AWS has a lot of services and each service has its own pricing model which can become very confusing for the consumer to keep up with. There are a lot of instances on the internet where people have been shocked by their AWS bill.
In this article, we will look at the different ways you can be more proactive about your AWS cost monitoring. We have broken down the steps into the different methods into three categories:
AWS Budgets lets you set custom budgets that alert when you exceed your budgeted thresholds. AWS Budgets can help you track costs across different AWS services, accounts, and tags. You can set up alerts to an email and/or SNS topic.
AWS Budgets should be the first step for anybody wanting to keep a closer eye on their AWS costs. However, one of the downsides of AWS Budgets is the lack of flexibility while setting up alerts. Budgets can only be set up at monthly, quarterly or annual frequencies. If there is a spike in your bill but you don’t cross the threshold, it won’t alert you.
How to set up AWS Budgets
Navigate to Budgets on the AWS console under the Billing & Cost Management Dashboard.
Click on Create Budgets. Then, select your budget type. For this example, we are setting up a Cost budget. You can also choose to set up a Usage or Reservation budget.
Set your budget. Choose what kind of budget you want to set up for your account. In this example, we are setting up a monthly budget of $1.
Next, you can configure alerts based on your budget. You can choose to alert based on the actual cost or the forecasted cost. You can notify via email or an SNS topic.
Lastly, you should be able to see your AWS Budget on the console.
Tagging AWS Resources
Once you have set up your budgets and alerts, it can be useful to tag all of your AWS resources. Amazon allows customers to assign metadata to AWS resources in the form of tags. Each tag consists of a user-defined key and optional value. These tags can be used to manage, and search for resources. These tags can also help with cost tracking. You can use tags to filter the AWS Budget you set up previously.
Amazon’s tagging strategies is a good read for understanding the best practices for tagging resources.
AWS Cost Explorer
AWS Cost Explorer is a tool that lets you view, understand and analyze your costs and usage. Cost Explorer lets you create custom reports based on your needs. You can use Cost Explorer to dive deeper into your cost and usage.
Cost Explorer can also give you suggestions about your Reserved Instances.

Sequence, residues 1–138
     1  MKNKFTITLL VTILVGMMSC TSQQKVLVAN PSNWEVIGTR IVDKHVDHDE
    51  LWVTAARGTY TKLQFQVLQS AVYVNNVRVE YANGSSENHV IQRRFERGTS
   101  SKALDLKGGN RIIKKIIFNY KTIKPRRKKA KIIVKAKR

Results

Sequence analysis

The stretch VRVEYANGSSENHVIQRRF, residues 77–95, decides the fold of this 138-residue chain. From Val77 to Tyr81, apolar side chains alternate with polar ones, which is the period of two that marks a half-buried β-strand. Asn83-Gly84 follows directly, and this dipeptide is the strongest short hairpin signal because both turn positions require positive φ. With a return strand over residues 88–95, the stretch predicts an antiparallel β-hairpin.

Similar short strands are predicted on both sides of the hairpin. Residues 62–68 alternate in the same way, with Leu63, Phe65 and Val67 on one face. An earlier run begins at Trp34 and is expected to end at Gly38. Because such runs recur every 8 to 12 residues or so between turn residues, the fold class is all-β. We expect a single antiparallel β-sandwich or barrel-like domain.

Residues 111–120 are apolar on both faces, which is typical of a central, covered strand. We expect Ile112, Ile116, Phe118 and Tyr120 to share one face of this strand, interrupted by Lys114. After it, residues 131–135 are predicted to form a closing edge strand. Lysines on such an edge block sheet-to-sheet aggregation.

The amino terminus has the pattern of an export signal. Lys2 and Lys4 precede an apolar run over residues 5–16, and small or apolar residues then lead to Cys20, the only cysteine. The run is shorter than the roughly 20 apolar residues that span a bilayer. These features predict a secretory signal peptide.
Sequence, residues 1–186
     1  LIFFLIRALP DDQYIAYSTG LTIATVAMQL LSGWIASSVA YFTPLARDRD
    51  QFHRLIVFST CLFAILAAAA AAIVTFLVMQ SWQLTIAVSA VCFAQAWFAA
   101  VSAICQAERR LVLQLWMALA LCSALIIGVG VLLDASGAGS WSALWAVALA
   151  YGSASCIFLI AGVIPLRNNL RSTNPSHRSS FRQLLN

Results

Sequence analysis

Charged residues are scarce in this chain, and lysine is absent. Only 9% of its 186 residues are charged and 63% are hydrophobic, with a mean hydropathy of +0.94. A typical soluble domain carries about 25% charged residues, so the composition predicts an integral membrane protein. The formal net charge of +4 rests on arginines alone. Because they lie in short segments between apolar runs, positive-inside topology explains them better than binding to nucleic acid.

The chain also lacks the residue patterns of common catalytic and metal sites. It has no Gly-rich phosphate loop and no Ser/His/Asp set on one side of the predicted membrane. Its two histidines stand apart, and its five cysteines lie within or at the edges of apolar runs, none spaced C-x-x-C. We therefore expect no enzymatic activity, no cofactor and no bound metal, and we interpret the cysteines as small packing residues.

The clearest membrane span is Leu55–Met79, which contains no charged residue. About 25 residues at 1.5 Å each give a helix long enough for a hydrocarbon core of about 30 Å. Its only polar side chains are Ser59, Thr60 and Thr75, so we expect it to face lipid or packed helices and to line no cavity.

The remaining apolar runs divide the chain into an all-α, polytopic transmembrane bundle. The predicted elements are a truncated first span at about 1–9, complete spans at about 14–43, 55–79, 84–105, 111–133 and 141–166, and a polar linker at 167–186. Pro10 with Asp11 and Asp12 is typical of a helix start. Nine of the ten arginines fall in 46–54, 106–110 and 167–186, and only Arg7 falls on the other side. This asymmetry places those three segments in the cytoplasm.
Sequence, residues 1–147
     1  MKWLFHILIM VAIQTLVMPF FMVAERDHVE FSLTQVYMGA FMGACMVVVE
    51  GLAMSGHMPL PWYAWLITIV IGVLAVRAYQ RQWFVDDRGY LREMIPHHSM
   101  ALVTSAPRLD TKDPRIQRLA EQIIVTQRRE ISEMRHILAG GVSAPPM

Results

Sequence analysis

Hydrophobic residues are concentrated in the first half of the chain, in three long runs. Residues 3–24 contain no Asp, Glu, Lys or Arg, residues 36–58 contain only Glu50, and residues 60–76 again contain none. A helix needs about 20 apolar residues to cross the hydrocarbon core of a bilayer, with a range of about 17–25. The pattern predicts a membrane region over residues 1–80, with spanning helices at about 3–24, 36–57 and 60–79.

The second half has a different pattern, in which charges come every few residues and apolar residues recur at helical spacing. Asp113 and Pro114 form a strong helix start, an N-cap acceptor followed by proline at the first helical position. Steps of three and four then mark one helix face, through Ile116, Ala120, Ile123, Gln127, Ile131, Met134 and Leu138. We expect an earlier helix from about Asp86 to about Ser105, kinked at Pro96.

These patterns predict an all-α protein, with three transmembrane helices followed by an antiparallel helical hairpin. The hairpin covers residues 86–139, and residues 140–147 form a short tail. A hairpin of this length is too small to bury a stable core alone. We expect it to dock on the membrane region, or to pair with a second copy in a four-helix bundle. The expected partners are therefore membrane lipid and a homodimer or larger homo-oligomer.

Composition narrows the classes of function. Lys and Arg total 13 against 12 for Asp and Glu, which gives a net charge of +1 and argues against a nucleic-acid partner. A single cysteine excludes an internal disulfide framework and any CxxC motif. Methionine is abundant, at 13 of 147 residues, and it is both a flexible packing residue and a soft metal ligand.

Cost Explorer is a useful tool as you start monitoring your costs more closely. However, there are some use-cases for which Cost Explorer can be hard to use. Some of these could be:
- Need to generate reports or views that aren’t supported by Cost Explorer.
- Drill deeper into certain costs. Cost Explorer provides higher-level metrics but if you need to investigate further, it can sometimes be hard to do that.
AWS Cost and Usage Report
The AWS Cost and Usage report contain the most comprehensive AWS cost and usage data available. It lists AWS usage for each service category in hourly or daily line items, as well as any tags that are used for cost tracking.
AWS delivers the Cost & Usage Report (CUR) to an S3 bucket and updates the report throughout the day. This report is in a CSV format and can be downloaded, queried, or analyzed to understand your costs better.
How to use the Cost & Usage Report
The Cost & Usage report can be integrated with Amazon Athena. Once integrated with Athena, you can run SQL queries against the CUR data to understand, visualize and monitor your costs.
These are the steps needed to set up and integrate the Cost & Usage report with Athena:
Create a Cost & Usage Report
Configure S3 bucket to store the report
Set up delivery options for the report
We enabled report data integration for Athena since we plan to use Athena to run queries against this data. You can also integrate the data with Redshift and Quicksight.
Set up AWS Glue crawler
Next, we will set up an AWS Glue Crawler so that Athena has access to the report data. To set up the Glue Crawler, we need to specify the S3 bucket where the report data is stored. We can also choose the crawling frequency for the data.
Querying the data on Athena
It can take a few hours for the data to be available after the initial setup. Once the data is available, you can run a simple query to see if the data is available.
Connecting to a visualization tool
Athena can be integrated with multiple visualization tools such as Looker, Superset, or Tableau. You can query the data from any of these tools and set up custom dashboards.
In this example, we set up an integration with Superset which is an open-source Business Intelligence tool.
isitfit is a tool that analyzes EC2 utilization and that can provide you with recommendations around your usage.
There are multiple ways to monitor and be proactive about your AWS costs. It depends on how closely you want to monitor your AWS costs.